Burnaby could see strict caps on short-term rentals, as a proposed regulation focuses on maintaining rental stock and preserving the residential essence of neighbourhoods.
If the proposed regulations pass unscathed through public consultations and final council approvals, anyone offering a short-term rental could only do so in their primary residence, whether it’s renting a single room or the entire residence while the owners are away.
Further, those renting out their home would be restricted to only 90 days per year, of which only 28 can be used to rent out the entire home. That issue proved to be the most controversial in a recent council meeting in which the proposal was approved for public consultations.
“That seems quite restrictive,” Coun. Colleen Jordan said. “In the materials supplied, no other city in the region has any kind of a cap.”
Planning and building director Ed Kozak said the committee largely looked at it as a matter of maintaining the rental stock and not diminishing the residential feel of neighbourhoods with short-term rentals.
Coun. Dan Johnston noted some homeowners rely on renting a room out short-term to pay their mortgage and their bills.
“And if we take it away, I’m not sure we’re going to get, necessarily, more units. We’re just going to have people having to, unfortunately, sell their homes for causes beyond their control,” Johnston said.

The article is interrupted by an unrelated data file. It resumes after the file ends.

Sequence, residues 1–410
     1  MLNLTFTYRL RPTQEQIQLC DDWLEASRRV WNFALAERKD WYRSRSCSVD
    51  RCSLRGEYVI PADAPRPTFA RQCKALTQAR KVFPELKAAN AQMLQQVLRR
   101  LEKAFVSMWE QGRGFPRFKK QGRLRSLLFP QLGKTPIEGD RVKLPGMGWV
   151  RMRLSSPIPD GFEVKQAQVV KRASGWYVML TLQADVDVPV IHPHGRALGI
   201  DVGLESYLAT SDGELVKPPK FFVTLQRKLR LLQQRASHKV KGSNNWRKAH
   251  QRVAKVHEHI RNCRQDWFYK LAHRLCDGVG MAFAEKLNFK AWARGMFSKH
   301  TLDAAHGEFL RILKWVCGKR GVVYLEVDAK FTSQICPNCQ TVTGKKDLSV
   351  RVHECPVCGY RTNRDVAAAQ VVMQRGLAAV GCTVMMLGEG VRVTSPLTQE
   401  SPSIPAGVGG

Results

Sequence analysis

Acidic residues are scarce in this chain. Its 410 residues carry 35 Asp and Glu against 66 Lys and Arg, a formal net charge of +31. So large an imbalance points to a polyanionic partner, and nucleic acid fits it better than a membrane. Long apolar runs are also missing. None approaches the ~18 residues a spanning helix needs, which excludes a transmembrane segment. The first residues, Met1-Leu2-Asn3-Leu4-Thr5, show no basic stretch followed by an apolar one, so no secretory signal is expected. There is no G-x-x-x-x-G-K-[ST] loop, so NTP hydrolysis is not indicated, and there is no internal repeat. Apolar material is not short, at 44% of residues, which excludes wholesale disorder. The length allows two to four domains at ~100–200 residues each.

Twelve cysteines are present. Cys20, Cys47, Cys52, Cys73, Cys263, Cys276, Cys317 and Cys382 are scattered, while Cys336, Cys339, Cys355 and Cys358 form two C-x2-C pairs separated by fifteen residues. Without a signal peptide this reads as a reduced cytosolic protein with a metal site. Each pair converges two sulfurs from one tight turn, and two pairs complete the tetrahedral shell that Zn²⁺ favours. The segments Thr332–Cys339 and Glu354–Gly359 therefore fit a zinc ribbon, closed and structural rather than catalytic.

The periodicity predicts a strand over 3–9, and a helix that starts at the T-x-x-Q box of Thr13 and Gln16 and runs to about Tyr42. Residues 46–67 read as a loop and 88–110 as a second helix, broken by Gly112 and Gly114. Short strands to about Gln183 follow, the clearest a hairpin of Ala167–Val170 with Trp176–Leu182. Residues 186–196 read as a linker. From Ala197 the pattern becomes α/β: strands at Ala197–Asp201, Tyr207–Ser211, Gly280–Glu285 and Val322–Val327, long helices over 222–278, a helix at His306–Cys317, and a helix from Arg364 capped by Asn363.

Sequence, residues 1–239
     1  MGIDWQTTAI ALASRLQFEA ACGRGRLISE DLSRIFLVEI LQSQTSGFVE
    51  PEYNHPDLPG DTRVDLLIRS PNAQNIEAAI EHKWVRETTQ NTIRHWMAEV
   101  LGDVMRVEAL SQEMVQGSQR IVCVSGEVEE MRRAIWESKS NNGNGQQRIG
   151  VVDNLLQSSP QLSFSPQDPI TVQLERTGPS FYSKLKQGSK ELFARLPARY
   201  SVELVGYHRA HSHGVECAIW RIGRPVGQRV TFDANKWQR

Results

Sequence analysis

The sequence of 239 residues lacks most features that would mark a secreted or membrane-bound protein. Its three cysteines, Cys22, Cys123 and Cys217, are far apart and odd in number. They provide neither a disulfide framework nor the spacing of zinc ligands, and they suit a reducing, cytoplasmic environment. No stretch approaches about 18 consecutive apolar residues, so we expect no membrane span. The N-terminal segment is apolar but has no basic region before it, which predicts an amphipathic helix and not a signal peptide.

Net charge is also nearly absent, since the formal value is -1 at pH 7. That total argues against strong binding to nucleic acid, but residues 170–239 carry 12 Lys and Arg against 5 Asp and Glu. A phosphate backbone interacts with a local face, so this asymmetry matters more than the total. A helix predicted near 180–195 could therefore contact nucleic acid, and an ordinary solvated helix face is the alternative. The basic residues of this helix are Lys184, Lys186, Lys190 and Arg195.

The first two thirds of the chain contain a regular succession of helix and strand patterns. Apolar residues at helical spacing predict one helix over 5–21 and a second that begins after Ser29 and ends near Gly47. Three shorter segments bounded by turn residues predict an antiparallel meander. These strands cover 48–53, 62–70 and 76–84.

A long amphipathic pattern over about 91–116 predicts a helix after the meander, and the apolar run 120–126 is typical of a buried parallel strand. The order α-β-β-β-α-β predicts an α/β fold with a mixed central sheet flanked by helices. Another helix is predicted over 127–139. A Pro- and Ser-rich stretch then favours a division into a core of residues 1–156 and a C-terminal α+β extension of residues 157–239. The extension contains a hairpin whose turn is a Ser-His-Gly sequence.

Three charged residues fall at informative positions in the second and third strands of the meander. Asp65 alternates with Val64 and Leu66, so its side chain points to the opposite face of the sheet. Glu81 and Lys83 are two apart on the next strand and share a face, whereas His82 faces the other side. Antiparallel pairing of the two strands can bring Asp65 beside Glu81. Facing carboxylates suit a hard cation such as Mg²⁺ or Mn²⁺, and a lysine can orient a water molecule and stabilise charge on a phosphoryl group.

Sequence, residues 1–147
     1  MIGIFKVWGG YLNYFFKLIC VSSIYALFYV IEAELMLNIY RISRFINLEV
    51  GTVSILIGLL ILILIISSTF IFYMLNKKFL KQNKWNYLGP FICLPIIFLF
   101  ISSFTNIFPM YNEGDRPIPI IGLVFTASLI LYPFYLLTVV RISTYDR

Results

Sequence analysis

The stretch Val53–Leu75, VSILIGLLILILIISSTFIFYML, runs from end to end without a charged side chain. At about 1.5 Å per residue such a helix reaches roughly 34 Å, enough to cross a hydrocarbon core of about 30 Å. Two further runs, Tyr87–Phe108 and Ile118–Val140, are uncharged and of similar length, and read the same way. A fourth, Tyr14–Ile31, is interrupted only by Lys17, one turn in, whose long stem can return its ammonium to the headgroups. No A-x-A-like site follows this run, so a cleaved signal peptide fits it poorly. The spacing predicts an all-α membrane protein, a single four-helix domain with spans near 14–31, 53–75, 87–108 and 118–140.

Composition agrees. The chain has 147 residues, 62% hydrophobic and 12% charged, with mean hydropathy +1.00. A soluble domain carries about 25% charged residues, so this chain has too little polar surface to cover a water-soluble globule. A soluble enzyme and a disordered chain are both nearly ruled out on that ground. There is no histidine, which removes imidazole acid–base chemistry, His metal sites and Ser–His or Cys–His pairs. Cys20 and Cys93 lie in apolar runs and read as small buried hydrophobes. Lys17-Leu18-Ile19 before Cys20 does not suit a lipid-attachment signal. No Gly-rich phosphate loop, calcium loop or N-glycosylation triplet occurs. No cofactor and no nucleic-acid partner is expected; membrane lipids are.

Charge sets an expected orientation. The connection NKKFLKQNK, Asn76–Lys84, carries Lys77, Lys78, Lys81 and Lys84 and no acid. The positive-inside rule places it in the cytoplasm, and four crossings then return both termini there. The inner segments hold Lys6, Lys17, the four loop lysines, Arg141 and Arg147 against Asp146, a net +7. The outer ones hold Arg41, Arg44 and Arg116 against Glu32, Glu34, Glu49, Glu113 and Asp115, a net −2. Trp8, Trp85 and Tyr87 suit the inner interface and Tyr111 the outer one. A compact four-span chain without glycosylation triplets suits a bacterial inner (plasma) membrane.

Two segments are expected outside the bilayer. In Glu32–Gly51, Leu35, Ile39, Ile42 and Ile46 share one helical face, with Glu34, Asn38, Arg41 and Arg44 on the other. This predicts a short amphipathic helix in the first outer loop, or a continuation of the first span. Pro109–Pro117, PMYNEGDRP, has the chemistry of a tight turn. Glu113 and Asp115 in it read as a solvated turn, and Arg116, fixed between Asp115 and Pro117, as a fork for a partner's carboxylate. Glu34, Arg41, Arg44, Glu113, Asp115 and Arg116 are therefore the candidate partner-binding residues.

Coun. Sav Dhaliwal, however, said he would have put the cap well below the 90 days to protect local housing.
“I think this framework actually secures a pretty good balance between what we need locally to preserve rental homes, rental places for people who live here. It also allows people to use, occasionally, when they’re not home – this is not a money-making proposition for people to use for six months (per year),” Coun. Sav Dhaliwal said.
“If people want to do that, they might as well get a business licence. This is not what we should be doing. … We know how destructive (short-term rentals are), now, in Burnaby.”
Dhaliwal noted one building in his neighbourhood that has more than a dozen units being regularly rented out and said he gets calls from people who are “bothered by these overnighters all year long, different people coming there.”
The proposed regulation also bans short-term rentals in seniors’ housing, purpose-built rentals, secondary units and carriage homes to preserve the rental stock in the city.
According to a staff report, the rental stock in 2019 was pegged at 1.3%, a drop from the 2% seen in 2018 and well below the 3% to 4% that is generally seen as healthy.
The regulation would also see the city develop a business licence for the short-term rentals, which staff said would offer the city more enforcement options, help fund enforcement through business licence fees and allow the city to better monitor short-term rentals in the community.
The bylaw would also force homeowners to have a business licence to advertise their rentals and post their business licence number in the advertisement.
While enforcement has so far been complaint-based, staff suggested the city take a more active approach to enforcement, including actively searching online for short-term rental ads and working with a third-party data monitoring firm to garner more data on local short-term rentals through means the city doesn’t have access to.
Council voted to approve the proposed regulations for public engagement, with Jordan and Johnston opposed.